Dispatches from the Blitz: Why Peter Ritchie Calder was a true war hero

He refused to toe the government line in 1940, and reported the stories he felt were vital.

Blitz mania is upon us. As the 70th anniversary looms, television teems with images from 1940. On BBC1, Dr Who confronts Daleks in the Cabinet War Rooms. Almost as absurdly, in Channel 4's Blitz Street, Tony Robinson bombs a replica 1940s terrace, supervised by safety inspectors.

Britons like sentimental accounts of wartime solidarity. They conceal darker memories, but we can console ourselves that such a massaging of reality was prevalent even back then. The government feared mass panic and the Ministry of Information (MoI) sought to sustain morale. Most journalists helped willingly; holding government to account in wartime takes rare courage.

For journalists reporting the Blitz, the challenge was intense. Any reporter who questioned official conduct risked denunciation for "giving succour to Nazis". Few tried. By September 1940 the government had already finessed the myth of Dunkirk, repackaging calamitous defeat as miraculous salvation. It hoped to sweeten Londoners' response to bombardment too.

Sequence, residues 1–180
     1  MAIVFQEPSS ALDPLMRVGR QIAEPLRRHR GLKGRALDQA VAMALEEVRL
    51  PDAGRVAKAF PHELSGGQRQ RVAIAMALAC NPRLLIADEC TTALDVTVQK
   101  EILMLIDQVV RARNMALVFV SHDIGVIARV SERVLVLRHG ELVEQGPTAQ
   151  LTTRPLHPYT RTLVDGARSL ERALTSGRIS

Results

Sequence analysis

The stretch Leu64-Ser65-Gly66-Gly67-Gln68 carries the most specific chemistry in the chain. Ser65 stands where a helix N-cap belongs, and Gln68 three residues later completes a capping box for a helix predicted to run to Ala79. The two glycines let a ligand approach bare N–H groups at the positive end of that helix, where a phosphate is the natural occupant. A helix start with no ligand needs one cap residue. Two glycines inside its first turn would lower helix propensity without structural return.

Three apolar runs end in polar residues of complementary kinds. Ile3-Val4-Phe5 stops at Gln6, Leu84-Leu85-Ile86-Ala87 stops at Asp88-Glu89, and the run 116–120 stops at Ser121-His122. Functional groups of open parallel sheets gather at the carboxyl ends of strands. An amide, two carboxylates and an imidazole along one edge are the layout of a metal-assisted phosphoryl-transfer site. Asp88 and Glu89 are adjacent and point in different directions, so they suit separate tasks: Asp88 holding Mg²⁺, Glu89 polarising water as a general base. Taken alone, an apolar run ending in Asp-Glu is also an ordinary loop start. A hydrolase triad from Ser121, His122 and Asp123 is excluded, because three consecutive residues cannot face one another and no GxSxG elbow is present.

The line was clear: plucky Brits, harmoniously united in a national family presided over by a paternal King, were "all in it together". Press coverage included plucky babies who slept soundly through Luftwaffe raids, bus drivers braving unexploded bombs, and a story about trawlermen who dodged German E-boats to catch cod. Titles such as the Daily Mirror and Daily Express drummed home the MoI's spin that the King, Queen and princesses shared their subjects' suffering and fortitude and were "in it" with them. In fact they were mostly at Windsor.

Peter Ritchie Calder, reporting for the Daily Herald, regarded himself as a watchdog, protecting the interests of ordinary people exposed to total war. He did his job brilliantly, putting his steel helmet on "in earnest for the first time" on the morning of 8 September 1940, to spend weeks trudging the battered streets of London's East End.